The Magic Money Tree and Private Banks , misunderstood and kind to small children and animals?or Just another Fix of Crony Capitalists
Neo-Liberalism, Billy No Mates? , or, just misunderstood and kind to small children and animals
Discussion with Founder member of The people’s party/Ecology Party and Now The Greens Clive Lord.
In the recent hustings for the Green Party leadership for the Green Party of England and Wales I have had a few interesting dialogues with Clive Lord and sought out some of his writing to see what made and still makes him Tick. I have also had a similar exchange of tweets and comments with Dereck Wall another former speaker candidate for the Green Party of England and wales.
Clives Stich is citizens income or universal basic income. Its mine too so we have a common objective and our reasoning to get to that place one would think would be similar. Well to answer that yes and no. Clive and I agree that exponential growth on a finite planet is impossible and that the strain on the Common resources of the planet is to great and decisions uninformed by externalities are less than sensible. We are in a completely different place on Political Economy though and our understanding of Money and Money creation.
Consider the problem of money. Money is of central importance to any modern capitalist market economy. Yet it is mainly sociologists, philosophers and dissenters that have maintained an interest in what money “is” with a view to continued critique and development … One might think this is because economics has already provided an agreed clear concept of money. But this is not the case. Contemporary economics defines money in terms of function (unit of account, store of value, medium of exchange), but puts aside both the actual history of money (after an origin story) and the conceptual problem of money, both of which likely affect the functionality of money in the broader sense of its role and consequence in real systems …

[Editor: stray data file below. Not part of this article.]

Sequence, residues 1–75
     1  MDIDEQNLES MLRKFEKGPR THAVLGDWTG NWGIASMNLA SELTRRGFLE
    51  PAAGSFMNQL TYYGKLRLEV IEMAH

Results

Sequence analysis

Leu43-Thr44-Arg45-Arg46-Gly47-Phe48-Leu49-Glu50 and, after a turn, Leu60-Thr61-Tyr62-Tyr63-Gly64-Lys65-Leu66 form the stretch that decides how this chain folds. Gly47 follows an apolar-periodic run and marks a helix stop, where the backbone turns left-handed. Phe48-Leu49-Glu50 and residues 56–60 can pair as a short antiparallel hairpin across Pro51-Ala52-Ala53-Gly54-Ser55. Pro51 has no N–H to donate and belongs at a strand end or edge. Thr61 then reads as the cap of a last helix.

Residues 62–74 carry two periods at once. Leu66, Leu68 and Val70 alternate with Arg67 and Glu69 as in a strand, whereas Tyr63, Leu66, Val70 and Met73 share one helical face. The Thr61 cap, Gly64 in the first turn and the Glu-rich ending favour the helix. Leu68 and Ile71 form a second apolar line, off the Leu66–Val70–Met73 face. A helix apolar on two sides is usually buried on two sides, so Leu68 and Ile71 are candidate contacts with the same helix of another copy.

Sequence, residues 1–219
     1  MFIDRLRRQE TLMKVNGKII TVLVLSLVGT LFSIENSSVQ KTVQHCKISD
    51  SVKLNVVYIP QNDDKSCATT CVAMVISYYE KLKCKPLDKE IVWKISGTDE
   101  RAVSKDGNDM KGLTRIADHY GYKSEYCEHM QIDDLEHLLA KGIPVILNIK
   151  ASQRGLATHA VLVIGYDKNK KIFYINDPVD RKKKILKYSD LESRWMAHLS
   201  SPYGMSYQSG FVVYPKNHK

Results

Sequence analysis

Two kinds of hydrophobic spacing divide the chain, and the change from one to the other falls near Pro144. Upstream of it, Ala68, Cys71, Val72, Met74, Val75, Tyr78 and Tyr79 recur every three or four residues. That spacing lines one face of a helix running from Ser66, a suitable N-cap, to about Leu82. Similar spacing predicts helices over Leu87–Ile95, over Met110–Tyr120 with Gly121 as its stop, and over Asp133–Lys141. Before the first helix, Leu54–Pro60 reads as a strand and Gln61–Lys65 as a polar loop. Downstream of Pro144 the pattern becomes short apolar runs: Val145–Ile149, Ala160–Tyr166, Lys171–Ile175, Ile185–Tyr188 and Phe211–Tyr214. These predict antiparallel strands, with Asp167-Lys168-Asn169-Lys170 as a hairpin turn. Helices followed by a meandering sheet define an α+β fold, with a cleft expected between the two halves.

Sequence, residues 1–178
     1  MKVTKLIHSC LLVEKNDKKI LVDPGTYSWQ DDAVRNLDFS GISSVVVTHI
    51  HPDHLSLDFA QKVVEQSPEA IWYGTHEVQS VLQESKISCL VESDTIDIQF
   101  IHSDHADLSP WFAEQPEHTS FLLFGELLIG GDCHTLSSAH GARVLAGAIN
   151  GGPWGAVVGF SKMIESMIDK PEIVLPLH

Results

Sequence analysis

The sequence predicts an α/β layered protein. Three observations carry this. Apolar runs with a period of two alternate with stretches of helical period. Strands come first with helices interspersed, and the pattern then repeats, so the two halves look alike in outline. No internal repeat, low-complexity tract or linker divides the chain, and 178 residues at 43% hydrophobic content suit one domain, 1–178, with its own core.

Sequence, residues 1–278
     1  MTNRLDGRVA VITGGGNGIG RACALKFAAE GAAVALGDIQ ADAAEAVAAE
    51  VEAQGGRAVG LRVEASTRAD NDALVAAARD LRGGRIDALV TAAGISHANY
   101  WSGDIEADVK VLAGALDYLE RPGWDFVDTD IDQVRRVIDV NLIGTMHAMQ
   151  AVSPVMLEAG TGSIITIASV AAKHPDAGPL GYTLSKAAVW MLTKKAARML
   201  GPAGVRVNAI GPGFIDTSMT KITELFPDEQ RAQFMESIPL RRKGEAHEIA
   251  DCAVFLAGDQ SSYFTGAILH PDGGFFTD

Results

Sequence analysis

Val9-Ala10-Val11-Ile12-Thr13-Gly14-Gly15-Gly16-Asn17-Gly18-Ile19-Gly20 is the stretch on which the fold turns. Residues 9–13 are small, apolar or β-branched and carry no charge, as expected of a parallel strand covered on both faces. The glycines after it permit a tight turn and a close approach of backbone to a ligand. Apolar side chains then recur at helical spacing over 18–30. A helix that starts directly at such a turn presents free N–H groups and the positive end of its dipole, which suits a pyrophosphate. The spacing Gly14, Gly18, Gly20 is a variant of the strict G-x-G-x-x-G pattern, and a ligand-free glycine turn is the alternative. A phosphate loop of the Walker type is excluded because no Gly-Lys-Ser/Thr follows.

What appears weird to those outside of the mainstream is that in economic theory in general money is typically absent. It is usually assumed that in a properly functioning market system prices express the value of output such that all prices effectively become representative of ratios between goods and services (and inputs), and this ultimately means a market system operates as though it were barter. Money simply becomes the convenient symbol (in its medium of exchange guise) that expresses these ratios. As such, it has no independent significance, and one ought to look through money to the operation of “real” economic factors, and can in effect ignore money as a contributory, contextualising or significant component in a system …
The role of money in real systems has generally been peripheralised because of an arbitrary limitation created by the assumption that money is separate from and then circumspectly significant to “real” factors. This statement may seem odd to a non-economist, since we live in a world where monetary policy is high profile, and a great deal of attention is paid to central bank policy (inflation targeting for price stability), and to the existence and activity of banks.
posted on 21 May 2018
Some Preliminary Questions For MMT
by Steve Keen, Steve Keen’s Debtwatch
I had an impromptu debate with Warren Mosler (see end of this article), the founder and still one of the leading figures of “Modern Monetary Theory” recently. We disagreed on the role of trade deficits, and this has led another MMT luminary, Bill Mitchell, to write two commentaries critiquing my position (see “Trade and external finance mysteries – Part 1” and “Trade and finance mysteries – Part 2”.